"Now we reap the wages of our criminal neglect."



In the week just past, I visited Chiayi in the western part of Taiwan, which is bounded by the South China Sea and by the high central mountains of the island. The other day, I was in Hualien, in the opposite side of those central mountains, bounded on the east by the huge Pacific Ocean where the waters connect to the Sea of Japan.

Any visitor, and most especially those of us who have resided here for years, never ceases to wonder in amazement how the Taiwanese have managed to keep their mountains so very green and their forests pristine. Many of these are actually second-generation forests, because the original hardwood and conifer trees had been cut by colonizers from the Portuguese to the Dutch to the Japanese, especially at the height of the camphor trade.

Taiwan is mostly mountainous terrain, and the land used for agricultural cultivation and habitation by its 23.4 million is concentrated quite densely in the seaside plains. Even in the capital Taipei, the upland areas, mostly low mountains and hills, are heavily replanted with trees, with very sparse human habitats.

In Chiayi, we had a very pleasant lunch in an old restaurant nestled in the hills, surrounded by mountains, and overlooking a man-made water reservoir whose watershed is as pristine as could ever be. To the east of the restaurant, one could see the cloud-draped Alishan mountain range where on an earlier visit, I saw 800-to-a-thousand-year old hardwood trees whose circumference would require some four people to embrace. Alishan’s height must have spared that area from the axes and chainsaws of loggers past.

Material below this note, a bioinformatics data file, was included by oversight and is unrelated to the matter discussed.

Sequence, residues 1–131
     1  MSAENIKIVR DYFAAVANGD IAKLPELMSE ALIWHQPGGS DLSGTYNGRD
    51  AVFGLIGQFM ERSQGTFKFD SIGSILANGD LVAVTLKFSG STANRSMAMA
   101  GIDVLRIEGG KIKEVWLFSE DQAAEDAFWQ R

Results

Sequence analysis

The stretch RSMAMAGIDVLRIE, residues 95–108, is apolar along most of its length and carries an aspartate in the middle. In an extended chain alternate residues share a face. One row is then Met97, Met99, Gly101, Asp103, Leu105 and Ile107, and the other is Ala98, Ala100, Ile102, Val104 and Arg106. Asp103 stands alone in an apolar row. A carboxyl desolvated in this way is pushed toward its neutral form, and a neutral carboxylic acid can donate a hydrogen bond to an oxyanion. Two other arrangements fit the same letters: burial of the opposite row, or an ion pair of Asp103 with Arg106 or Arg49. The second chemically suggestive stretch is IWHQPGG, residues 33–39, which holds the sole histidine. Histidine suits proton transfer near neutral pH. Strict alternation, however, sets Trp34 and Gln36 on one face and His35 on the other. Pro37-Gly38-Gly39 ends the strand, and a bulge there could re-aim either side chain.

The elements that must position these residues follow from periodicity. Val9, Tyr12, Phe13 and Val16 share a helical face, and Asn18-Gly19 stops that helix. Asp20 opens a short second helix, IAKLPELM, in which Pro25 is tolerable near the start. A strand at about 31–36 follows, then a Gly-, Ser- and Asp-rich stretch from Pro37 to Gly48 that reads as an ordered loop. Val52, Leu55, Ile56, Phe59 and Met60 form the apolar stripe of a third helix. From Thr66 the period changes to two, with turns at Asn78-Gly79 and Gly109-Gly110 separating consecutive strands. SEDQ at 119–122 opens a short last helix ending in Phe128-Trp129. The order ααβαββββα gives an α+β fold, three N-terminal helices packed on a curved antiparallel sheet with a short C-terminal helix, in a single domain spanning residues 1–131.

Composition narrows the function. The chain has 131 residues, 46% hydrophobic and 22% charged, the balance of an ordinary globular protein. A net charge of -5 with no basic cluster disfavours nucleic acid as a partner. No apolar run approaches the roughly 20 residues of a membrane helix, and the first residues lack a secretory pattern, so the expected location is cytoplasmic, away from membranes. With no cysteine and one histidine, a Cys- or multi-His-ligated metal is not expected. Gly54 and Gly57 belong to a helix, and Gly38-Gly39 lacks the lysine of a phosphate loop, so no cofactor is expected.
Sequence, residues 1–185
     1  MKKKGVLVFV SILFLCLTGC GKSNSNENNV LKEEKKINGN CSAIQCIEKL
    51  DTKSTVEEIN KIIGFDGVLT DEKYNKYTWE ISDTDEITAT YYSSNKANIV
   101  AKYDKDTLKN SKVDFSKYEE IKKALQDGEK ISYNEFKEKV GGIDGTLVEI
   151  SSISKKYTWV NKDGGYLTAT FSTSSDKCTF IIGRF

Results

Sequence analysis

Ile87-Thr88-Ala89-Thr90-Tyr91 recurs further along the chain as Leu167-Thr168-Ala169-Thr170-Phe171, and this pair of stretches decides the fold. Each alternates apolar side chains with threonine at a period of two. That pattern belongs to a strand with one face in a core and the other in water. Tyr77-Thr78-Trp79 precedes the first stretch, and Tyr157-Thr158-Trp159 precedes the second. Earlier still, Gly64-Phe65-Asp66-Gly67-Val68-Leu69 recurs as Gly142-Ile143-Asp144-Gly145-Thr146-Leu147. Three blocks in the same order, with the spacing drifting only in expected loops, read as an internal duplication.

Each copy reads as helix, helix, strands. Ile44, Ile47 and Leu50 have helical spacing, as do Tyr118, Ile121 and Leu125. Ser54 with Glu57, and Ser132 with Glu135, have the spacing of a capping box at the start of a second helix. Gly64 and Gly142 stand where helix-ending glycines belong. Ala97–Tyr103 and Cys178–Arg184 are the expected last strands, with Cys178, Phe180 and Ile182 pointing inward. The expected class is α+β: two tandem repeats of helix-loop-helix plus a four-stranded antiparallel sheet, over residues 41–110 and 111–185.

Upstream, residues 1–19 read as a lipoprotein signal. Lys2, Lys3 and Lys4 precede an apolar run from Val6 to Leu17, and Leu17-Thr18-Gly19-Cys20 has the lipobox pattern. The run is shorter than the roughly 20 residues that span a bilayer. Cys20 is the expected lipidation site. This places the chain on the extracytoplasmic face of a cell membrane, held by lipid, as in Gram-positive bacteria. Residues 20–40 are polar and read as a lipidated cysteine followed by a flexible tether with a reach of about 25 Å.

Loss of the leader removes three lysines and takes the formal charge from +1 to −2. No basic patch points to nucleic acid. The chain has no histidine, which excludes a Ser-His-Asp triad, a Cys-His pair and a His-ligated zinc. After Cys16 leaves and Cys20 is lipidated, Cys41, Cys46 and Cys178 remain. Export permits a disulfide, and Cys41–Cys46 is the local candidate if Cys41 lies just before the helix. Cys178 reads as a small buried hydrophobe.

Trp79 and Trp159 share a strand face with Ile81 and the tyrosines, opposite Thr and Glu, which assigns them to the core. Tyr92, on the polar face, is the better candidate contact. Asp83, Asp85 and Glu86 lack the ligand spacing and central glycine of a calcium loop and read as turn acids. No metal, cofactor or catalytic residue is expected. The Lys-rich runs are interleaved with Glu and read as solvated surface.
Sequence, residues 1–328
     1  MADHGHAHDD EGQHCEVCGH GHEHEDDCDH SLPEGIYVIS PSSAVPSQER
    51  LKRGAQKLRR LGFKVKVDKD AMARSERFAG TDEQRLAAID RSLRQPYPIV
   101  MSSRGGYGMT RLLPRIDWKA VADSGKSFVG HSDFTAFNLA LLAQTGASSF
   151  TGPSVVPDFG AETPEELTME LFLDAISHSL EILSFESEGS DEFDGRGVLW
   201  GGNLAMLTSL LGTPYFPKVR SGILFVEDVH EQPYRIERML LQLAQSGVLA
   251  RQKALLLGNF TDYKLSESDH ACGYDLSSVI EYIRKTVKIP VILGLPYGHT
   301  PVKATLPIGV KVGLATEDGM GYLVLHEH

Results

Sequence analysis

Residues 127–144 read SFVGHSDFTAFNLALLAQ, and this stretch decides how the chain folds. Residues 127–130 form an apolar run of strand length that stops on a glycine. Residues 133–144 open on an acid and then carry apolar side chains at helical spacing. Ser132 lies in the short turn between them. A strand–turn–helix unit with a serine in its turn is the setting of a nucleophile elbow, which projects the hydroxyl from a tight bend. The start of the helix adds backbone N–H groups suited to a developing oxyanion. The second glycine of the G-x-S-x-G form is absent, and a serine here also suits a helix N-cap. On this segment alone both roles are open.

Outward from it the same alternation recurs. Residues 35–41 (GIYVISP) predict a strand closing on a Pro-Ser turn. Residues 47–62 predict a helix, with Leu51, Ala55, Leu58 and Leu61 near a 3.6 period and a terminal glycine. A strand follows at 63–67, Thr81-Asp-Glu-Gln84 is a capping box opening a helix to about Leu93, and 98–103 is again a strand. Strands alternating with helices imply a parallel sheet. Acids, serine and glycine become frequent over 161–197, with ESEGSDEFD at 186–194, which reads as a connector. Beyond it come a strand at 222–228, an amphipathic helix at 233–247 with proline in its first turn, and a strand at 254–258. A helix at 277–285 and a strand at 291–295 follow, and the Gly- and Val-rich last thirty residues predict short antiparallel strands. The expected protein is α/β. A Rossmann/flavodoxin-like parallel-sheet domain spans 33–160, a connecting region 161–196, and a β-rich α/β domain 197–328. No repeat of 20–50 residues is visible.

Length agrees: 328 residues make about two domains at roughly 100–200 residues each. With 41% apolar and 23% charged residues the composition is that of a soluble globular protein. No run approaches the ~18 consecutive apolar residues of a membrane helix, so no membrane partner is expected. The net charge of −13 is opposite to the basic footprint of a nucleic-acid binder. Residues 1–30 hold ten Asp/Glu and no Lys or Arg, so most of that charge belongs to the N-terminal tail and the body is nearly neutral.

Driving up to Alishan, and on another occasion to Qingjing in Nantou, one could see thousands and thousands of upland areas planted to bamboo and pinglang (betel nut) trees both of which provide livelihood opportunities and hold much water in their roots, preventing massive flooding in the lowlands during heavy rainfall. Less steep mountainsides had become terraced fruit farms and tea plantations, high-value domestic and export crops.

Driving to the Davao provinces from Agusan and Surigao in comparison would almost make you weep. In my boyhood days, when it took us almost an entire day to travel from Butuan City to Davao City, sometimes getting trapped in mudflows, I saw how massive logging destroyed once forests primeval. In my last land trip from Davao to Butuan, I was impressed by how the concrete highway has been widened and improved, the bald mountainsides rip-rapped thus preventing further landslides, thanks to Davao and Agusan’s native son, now President Duterte. But the bald patches of once covered forests remain, and the hills are converted through kaingin into marginally-productive corn fields. That is at least utilitarian, but take note as well of talahib-covered hectarage throughout.

I have also been travelling by car from Metro Manila to the north and south of Luzon since I learned how to drive. Two decades back, I brought my family to Banawe for a two-night stay, and from there travelled the long stretch across Nueva Vizcaya, Isabela, Cagayan and to the Ilocos region, bounded on the east by the Sierra Madre and on its west by the Cordillera. The long highway is astride the longest river in the country, the once-mighty Cagayan River.

The same landscape that one sees from Butuan to Davao, a distance of some 280 kilometers is even more depressingly devoid of forests in the longer stretch of the Cagayan Valley. To one’s left and right, one sees palay and corn fields, occasionally tobacco and even in the stretch from Kalinga to Tuguegarao has not been spared by decades of tree-cutting with little reforestation.